A person driving over the prescribed speed limit in a suburban area hits and injures a pedestrian jaywalking against a red "Do Not Walk" sign. The jury finds that the driver is 80 percent responsible for the accident and the jaywalker is 20 percent responsible. The pedestrian suffered $100,000 in injuries. If the state in which this case is heard adopts the doctrine of contributory negligence to interpret such cases, the pedestrian is entitled to ________.
A) recover $20,000 from the driver
B) recover $80,000 from the driver
C) recover $100,000 from the driver
D) recover no damages from the driver

D

According to the doctrine of ________, a participant in a covered activity will be held liable for any injuries caused by the activity, even if he or she was not negligent.
A) strict liability
B) assumption of risk
C) comparative negligence
D) contributive negligence

A

Which of the following is not one of the general categories of torts?
A) strict liability
B) rational
C) negligence
D) intentional

B

What is the definition of a tort?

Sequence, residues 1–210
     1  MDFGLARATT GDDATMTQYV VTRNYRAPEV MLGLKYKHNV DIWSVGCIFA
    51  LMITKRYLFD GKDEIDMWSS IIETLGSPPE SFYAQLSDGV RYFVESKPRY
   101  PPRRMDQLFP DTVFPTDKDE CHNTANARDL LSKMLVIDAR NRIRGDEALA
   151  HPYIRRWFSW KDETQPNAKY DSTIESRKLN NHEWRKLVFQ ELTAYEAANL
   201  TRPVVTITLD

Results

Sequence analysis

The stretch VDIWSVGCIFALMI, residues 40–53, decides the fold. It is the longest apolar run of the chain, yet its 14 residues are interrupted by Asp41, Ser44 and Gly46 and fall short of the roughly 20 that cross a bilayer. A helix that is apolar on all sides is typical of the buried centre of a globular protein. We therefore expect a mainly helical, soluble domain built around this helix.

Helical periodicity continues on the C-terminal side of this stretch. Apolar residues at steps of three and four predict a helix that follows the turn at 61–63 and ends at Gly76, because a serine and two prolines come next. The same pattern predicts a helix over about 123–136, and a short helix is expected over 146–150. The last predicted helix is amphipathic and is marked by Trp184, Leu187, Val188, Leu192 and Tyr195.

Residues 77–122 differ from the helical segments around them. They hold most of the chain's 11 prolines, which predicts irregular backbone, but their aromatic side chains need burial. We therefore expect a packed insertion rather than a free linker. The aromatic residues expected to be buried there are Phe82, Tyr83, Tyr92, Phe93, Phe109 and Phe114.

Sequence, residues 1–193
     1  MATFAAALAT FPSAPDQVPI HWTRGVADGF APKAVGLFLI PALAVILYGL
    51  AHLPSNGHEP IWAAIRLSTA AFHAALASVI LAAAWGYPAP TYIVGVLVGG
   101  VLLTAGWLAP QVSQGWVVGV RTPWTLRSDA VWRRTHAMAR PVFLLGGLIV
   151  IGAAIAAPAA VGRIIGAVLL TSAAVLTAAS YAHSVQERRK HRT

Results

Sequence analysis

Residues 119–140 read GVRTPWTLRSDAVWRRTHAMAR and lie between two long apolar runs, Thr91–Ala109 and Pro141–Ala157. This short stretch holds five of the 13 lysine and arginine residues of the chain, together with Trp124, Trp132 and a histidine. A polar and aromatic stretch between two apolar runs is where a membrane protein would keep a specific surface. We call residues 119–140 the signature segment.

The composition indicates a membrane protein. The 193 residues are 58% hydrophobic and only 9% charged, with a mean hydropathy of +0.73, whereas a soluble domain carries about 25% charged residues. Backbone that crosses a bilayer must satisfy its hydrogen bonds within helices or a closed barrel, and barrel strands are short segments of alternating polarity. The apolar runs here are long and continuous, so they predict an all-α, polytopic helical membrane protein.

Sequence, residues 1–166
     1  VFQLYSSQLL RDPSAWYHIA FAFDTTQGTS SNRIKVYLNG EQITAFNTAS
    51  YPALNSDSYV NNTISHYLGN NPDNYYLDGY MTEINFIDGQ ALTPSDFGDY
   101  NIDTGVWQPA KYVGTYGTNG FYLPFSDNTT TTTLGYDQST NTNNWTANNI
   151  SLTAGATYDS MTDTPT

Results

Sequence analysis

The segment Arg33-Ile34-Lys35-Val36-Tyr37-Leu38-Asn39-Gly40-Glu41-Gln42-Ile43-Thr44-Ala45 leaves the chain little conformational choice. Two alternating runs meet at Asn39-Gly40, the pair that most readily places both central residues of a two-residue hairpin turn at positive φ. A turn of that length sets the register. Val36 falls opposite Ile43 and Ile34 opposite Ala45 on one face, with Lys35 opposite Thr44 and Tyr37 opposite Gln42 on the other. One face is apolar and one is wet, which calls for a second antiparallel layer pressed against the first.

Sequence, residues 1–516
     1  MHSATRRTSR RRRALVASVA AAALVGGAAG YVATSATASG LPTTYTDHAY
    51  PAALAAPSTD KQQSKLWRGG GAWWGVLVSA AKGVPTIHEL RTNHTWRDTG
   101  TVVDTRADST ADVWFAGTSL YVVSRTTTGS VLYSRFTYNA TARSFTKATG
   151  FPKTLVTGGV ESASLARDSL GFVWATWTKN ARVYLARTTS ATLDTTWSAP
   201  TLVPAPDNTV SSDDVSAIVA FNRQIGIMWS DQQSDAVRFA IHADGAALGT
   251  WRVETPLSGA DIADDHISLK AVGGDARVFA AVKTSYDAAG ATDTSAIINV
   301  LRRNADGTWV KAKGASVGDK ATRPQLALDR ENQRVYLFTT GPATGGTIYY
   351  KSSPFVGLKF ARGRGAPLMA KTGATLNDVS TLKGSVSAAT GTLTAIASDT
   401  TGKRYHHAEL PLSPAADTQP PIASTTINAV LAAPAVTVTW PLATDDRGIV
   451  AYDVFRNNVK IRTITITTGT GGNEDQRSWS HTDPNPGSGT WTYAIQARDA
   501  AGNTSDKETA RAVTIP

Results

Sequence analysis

A) any violation of an ethical duty
B) any crime or misdemeanor
C) any action done in violation of a prior agreement that allows the victim to recover damages
D) any civil wrong that allows the injured person to recover damages
E) any conduct by one party that is objected to by another

D

Damages intended to punish a defendant and deter the defendant from engaging in the same tortuous conduct in the future are called:
A) penalty damages
B) retribution damages
C) punitive damages
D) preventative damages
E) nominal damages

C

The tort of assault differs from the tort of battery in which of the following ways?
A) Assault is an intentional tort and battery relates to negligence.
B) Assault is a strict liability tort.